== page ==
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Joseph F. Quinn

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Title: Joseph F. Quinn  
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Subject: Joe Quinn, 1912 Lawrence textile strike, Massachusetts state court judges, University of Ottawa alumni, 1857 births
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Joseph F. Quinn

Joseph F. Quinn (1857–1929) was the first Irishman to become a judge in Massachusetts for any significant period of time. He served on the bench of the Essex County Superior Court after being appointed by Governor Eugene Foss in 1911 until his death in 1929. He lived in Salem and was the son of an immigrant from the days of the potato famine. He attended the University of Ottawa in Canada due to discrimination against the Irish in the U.S. at the time, graduating in 1883, and went on be admitted to the Bar in Massachusetts in 1884 after attending Boston University School of Law. After working for the local U.S. Attorney, Joseph Quinn started his own thriving practice.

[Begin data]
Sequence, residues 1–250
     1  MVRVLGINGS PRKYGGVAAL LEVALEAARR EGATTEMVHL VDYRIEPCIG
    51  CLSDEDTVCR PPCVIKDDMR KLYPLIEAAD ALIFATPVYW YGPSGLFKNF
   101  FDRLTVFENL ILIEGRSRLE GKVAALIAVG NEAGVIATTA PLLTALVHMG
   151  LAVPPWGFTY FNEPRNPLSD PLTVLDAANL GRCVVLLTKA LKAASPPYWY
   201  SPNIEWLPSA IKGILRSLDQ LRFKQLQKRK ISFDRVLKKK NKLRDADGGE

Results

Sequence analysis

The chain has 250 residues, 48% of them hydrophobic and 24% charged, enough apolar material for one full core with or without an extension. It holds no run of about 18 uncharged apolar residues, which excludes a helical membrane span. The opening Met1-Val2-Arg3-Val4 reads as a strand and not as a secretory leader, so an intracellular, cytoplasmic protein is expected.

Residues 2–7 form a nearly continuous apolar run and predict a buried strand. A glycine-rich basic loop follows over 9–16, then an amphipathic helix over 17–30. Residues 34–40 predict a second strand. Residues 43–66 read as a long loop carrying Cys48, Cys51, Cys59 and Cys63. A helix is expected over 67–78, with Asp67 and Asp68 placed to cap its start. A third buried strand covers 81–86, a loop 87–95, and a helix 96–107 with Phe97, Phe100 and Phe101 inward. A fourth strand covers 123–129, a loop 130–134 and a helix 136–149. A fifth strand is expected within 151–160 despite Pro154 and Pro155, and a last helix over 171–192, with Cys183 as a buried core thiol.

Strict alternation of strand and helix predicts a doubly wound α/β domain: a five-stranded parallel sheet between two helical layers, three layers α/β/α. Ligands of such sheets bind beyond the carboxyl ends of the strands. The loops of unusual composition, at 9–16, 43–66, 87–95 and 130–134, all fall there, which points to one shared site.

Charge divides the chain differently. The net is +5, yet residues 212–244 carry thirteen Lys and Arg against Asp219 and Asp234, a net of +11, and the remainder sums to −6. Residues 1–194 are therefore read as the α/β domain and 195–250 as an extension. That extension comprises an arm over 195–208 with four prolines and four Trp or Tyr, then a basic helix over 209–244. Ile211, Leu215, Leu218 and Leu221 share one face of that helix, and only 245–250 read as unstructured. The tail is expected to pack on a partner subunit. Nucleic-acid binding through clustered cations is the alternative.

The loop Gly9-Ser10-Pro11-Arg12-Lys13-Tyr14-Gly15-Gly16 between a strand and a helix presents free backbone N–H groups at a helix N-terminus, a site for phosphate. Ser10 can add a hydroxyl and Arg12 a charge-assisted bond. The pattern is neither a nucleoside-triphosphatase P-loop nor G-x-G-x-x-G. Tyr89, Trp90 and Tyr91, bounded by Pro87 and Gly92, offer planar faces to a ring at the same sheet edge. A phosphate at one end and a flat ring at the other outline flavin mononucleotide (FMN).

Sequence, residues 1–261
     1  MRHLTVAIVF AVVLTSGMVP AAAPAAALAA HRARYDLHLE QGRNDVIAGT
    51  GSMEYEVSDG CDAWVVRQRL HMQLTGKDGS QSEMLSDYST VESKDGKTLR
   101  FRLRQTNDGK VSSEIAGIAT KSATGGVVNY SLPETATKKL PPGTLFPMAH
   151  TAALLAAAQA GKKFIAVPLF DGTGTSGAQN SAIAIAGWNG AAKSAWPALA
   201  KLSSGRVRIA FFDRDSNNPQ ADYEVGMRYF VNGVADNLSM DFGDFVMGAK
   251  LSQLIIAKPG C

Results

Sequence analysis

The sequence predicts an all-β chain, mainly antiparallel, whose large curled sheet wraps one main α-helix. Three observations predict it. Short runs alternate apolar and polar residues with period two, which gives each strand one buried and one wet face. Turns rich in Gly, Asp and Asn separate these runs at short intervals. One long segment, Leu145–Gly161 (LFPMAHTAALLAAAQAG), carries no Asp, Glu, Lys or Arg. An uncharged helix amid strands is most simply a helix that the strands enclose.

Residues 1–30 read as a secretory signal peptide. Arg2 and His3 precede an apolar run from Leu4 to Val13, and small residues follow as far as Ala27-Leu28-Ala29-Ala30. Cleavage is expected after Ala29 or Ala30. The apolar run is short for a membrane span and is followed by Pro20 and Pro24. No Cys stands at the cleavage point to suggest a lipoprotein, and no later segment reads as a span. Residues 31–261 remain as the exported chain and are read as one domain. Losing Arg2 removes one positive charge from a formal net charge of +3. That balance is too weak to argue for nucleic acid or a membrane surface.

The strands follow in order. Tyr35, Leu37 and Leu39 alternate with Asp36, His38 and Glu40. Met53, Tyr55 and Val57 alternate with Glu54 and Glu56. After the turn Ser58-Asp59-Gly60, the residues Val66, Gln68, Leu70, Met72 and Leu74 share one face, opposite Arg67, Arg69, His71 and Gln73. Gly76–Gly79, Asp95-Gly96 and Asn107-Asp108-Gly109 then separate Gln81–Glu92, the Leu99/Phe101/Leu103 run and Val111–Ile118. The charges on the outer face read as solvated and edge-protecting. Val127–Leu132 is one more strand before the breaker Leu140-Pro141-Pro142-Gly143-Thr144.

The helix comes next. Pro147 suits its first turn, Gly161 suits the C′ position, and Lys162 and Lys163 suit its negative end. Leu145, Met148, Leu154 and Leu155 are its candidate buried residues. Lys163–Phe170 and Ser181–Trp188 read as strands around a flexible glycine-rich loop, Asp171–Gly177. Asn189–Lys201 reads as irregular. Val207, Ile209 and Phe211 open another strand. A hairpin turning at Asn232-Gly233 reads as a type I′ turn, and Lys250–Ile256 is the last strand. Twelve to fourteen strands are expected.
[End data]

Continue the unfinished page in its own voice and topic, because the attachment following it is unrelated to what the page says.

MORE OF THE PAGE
Joseph Quinn was associated with John F. Fitzgerald and Patrick Kennedy (P. J. Kennedy) and other prominent local persons in the greater Boston area. Judge Quinn presided over many prominent cases including the trial of Joseph Ettor and other leaders of the Lawrence textile strike in 1912 which became a national cause celebre and resulted in the defendants' acquittal. The next year he was the judge in the widely publicized trial of William Dorr of Stockton, California who was convicted and sentenced to death for having traveled all the way back East to Lynn, Massachusetts in order to murder millionaire George Marsh as part of a scheme to inherit his money through an unwitting California niece. Dorr was executed in the electric chair in 1914.


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